Wed, Nov 15, 2006 - Page 7 News List

Global warming threatens Canadian energy sources

VICIOUS CIRCLE Changes in rainfall patterns, a higher evaporation rate and less glacier runoff would lead to cuts in power provided by dams and oil-bearing sand

AFP , OTTAWA

A hike in temperatures projected across Canada due to rising global greenhouse gas emissions jeopardizes its massive hydro power production and booming oil sands sector, a study that was released on Monday said.

The report by the Sage Center and the World Wildlife Fund (WWF) examined the impact of a small rise in temperatures on the Athabasca River, which feeds Canada's Alberta oil sands industry, and on its Great Lakes region, where vast hydro-electric power is generated for the province of Ontario and exported to the northeastern US.

Global temperatures have already risen by about 0.8oC in the past century and are expected to rise by 2oC between 2026 and 2060.

Different regions in Canada could warm by up to 6oC.

This could lead to changes in rainfall patterns, more evaporation from lakes and rivers and less glacial flow resulting in lower river flows and lake levels, the WWF said in a statement.

Ontario would be forced to cut hydro power generation by 2 percent to 17 percent and Alberta would have to curtail new oil sands projects, which use 2.0 to 4.5 barrels of water and large amounts of energy to produce one barrel of oil.

"Canada's fastest growing source of global warming pollution -- the Alberta tar sands -- is boiling off the very water supplies it needs, and in Ontario, burning coal for electricity is undermining access to clean hydro power," Julia Langer, director of WWF's global threats program, said in a statement.

"Only decisive action to dramatically cut fossil fuel pollution can stop this tragic irony," she said.

The WWF called for cuts to carbon gases emitted mainly by burning oil, gas and coal that are driving perilous climate change, particularly from Alberta oil sands production, and no new water-taking permits for energy companies.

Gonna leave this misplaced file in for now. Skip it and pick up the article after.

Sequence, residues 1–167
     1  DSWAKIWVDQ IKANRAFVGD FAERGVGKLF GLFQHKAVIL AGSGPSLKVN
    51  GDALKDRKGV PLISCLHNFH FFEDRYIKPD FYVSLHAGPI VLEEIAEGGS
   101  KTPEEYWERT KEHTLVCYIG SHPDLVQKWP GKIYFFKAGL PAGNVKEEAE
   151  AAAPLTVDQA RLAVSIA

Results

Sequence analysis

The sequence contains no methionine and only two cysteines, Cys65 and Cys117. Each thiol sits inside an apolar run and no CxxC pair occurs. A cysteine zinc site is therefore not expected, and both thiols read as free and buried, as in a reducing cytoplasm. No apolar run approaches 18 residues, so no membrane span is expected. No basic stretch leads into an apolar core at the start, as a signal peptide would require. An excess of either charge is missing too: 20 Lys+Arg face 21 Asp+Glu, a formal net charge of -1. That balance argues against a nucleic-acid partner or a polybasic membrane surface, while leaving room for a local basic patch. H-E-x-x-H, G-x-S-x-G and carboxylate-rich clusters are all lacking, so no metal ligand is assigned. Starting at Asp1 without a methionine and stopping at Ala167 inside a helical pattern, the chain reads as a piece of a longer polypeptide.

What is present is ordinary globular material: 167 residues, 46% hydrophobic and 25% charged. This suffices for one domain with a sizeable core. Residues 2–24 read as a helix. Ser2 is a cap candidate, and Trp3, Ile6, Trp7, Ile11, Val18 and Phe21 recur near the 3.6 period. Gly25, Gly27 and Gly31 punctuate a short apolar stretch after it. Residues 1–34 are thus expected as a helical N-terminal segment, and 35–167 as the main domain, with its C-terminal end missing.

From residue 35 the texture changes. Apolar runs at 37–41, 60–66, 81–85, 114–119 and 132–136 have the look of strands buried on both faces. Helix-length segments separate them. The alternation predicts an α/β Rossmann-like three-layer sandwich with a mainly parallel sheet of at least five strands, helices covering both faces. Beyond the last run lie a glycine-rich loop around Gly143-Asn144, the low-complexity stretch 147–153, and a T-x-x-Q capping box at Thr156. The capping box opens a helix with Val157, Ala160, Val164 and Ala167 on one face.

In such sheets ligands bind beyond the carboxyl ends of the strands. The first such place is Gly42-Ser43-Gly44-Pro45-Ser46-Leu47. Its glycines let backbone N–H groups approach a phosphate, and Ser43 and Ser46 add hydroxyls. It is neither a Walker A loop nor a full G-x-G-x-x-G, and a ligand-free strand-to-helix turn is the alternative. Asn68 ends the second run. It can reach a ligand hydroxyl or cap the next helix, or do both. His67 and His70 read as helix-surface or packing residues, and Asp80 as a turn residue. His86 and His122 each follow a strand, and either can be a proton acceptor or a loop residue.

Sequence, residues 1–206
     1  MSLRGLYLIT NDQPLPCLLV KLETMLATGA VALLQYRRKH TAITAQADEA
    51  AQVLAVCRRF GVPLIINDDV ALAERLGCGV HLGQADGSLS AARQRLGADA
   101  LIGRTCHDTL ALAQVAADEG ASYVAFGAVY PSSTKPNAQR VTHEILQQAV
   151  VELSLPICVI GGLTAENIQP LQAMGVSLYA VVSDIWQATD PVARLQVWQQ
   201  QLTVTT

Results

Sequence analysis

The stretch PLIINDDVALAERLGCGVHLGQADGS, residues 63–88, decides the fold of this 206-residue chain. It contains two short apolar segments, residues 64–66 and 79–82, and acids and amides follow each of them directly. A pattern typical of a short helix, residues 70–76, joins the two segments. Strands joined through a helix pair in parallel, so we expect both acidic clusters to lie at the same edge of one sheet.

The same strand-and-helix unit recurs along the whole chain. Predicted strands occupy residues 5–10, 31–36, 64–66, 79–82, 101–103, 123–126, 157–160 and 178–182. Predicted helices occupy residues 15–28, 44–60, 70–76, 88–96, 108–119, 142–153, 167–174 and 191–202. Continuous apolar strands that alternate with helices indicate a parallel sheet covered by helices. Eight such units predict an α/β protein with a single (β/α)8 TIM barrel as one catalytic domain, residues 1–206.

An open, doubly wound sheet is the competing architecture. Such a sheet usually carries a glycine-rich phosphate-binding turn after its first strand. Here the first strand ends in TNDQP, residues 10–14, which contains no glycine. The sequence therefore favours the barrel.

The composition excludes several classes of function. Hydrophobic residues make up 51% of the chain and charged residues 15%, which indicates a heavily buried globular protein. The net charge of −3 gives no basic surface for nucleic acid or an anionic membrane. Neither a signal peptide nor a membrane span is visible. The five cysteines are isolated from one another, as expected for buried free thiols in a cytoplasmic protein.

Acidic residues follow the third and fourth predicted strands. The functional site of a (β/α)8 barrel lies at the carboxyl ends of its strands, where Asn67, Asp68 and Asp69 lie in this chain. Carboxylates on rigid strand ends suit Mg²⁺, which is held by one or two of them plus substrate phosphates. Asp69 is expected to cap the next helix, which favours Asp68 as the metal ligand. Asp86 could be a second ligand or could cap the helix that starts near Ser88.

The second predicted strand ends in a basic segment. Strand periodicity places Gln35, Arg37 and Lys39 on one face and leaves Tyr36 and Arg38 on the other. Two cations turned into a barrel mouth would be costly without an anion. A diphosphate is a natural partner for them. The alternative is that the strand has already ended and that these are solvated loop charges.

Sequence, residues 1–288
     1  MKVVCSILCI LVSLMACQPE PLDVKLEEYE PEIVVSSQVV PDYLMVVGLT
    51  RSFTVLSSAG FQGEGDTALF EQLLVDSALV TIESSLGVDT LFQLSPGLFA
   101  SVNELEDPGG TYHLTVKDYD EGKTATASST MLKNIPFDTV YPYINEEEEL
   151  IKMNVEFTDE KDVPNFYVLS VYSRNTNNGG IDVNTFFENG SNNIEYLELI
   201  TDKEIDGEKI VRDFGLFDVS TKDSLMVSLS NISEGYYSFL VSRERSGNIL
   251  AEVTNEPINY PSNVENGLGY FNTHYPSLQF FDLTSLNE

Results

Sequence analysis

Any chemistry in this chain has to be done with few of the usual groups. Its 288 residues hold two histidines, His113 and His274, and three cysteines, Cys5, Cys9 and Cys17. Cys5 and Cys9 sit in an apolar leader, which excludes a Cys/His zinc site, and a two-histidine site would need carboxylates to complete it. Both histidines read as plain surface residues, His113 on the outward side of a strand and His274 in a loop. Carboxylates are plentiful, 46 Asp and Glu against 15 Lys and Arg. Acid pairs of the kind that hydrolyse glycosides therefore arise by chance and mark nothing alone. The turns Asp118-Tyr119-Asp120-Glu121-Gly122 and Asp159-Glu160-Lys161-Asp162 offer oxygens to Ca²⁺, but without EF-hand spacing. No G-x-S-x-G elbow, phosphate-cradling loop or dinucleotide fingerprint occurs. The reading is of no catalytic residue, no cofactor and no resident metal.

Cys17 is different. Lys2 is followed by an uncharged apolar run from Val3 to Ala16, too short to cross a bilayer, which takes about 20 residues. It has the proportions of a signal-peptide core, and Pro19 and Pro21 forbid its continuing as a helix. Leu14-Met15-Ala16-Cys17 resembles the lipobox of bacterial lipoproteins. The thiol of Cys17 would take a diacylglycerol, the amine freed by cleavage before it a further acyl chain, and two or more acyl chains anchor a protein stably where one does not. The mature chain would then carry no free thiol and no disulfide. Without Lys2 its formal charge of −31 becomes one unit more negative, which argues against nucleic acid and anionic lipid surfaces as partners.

Canada had agreed under the Kyoto Protocol to reduce carbon dioxide emissions to 6.0 percent below 1990 levels by 2012, but a recent government environmental audit found emissions had instead increased by 26.6 percent.

Carbon emissions from larger-scale oil sands extraction operations could double by 2015, the government's environmental auditor Johanne Gelinas said.

Environment Minister Rona Ambrose introduced a bill last month to reduce Canada's carbon emissions by 45 percent to 65 percent by 2050, based on 2003 emissions. But it was widely panned for allowing emissions to continue to rise until 2020.

At an estimated 179 billion barrels, Canada's oil sands rank second behind Saudi Arabia's in petroleum reserves.

Since 2000, skyrocketing crude prices and improved extraction technology have persuaded foreign companies to invest billions of dollars in projects.

Oil sands output is expected to triple over the next decade to 3.5 million barrels of oil per day, the Organization for Economic Coop-eration and Development said in its annual report in June.

However, the WWF said water flows in the Athabasca River, down 20 percent since 1958, could diminish by another seven to 10 percent if local temperatures continue to rise.

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